While some will succeed incumbents who retired, much of the turnover can be linked to the dozens of ambitious legislators have set their sights on higher offices during a wide-open Georgia election season.
In addition to a U.S. Senate seat and all 13 U.S. House seats, all of the state's constitutional offices are up for grabs — a proposition too hard for some at the Capitol to resist.
In addition to others former bot Senator Preston Smith the Senate and Rob Teilhet from the House are seeking the attorney general post.
"Every office but the lieutenant governor has no incumbent running, which in itself is pretty unprecedented," said Georgia State University political science professor Steve Anthony. "One of the old adages in politics is 'timing is everything.' There's a lot of opportunity this year and people are hoping they can take advantage of it."
Anthony — who served as chief of staff to Tom Murphy, the longest-serving House speaker in any U.S. state legislature — said change at the Capitol is hardly unusual. Lawmakers routinely rotate out after a few terms, choosing to retire or losing a re-election bid.
"It is a tremendous sacrifice," said Rep. Tyrone Brooks, D-Atlanta, who was first elected in 1980. "It is a full-time responsibility. When the session ends, you're still working for your constituents every day."
For others, the desire to leave can mean switching chambers or using their office as a stepping stone to higher office.
"It is very tempting for a lot of folks to look to higher office, especially people who have been there for awhile," said Sen. Ronnie Chance, R-Tyrone. "These guys are public servants and they want to continue their careers serving and try something else."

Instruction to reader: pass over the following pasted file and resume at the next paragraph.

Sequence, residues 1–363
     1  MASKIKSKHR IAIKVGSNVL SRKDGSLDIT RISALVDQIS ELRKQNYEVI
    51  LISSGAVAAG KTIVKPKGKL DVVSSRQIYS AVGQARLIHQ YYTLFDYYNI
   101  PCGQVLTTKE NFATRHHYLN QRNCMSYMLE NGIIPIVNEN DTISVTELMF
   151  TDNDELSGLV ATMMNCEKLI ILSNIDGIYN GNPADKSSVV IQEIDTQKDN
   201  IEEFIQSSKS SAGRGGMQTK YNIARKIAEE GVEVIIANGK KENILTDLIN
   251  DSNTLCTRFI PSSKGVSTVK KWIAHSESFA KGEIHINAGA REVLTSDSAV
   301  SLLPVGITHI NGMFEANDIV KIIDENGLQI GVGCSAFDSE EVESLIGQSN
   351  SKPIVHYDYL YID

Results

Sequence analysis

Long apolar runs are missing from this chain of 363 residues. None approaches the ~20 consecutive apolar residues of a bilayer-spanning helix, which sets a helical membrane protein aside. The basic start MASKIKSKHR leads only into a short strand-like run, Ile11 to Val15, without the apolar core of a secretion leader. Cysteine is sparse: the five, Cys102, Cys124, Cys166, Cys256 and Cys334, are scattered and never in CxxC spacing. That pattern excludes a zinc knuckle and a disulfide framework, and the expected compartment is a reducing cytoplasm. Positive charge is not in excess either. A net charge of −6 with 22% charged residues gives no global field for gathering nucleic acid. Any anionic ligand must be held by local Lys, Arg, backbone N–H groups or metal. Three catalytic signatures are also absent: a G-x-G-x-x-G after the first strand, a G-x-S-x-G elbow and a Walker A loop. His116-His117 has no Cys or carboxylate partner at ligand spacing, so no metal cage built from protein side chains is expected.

Chance, who was first elected in 2004 and is running unopposed for re-election, said incoming freshmen will face a steep learning curve in January, and both chambers will lose some institutional knowledge with the departure of veteran lawmakers.
In all, 15 state House and Senate members are running for the U.S. House, and 16 House and Senate members are running for statewide offices in the July 20 primary — about one of every eight state lawmakers.
Nathan Deal's decision to leave Congress and run for governor drew three state House members to seek the job: Lee Hawkins, Bobby Reese and Tom Graves. Graves will finish the remainder of Deal's term after beating Hawkins in a June 8 special election runoff, but must win a July 20 primary and the November general election to hold the seat for a new term.
In the statewide contests:
— Jeff Chapman from the Senate and Randal Mangham and Minority Leader DuBose Porter from the House are running for governor instead of seeking re-election;
— Seth Harp from the Senate and Ralph Hudgens and Tom Knox from the House are vying for insurance commissioner;
— Gail Buckner from the Senate and Georganna Sinkfield from the House are running for secretary of state;
— John Douglas from the Senate and Jeff May from the House are candidates for the Public Service Commission;
— Sen. J.B. Powell is running for agriculture commissioner;
— Rep. Mark Butler is running for labor commissioner.
Most lawmakers are returning next year, and most have a clear path back to their seats. The majority face no challenge in their party primary or are unopposed altogether.
With redistricting in the plans ahead of the 2012 elections, more legislative turnover is likely as lawmakers evaluate what the new maps will mean for their political fortunes.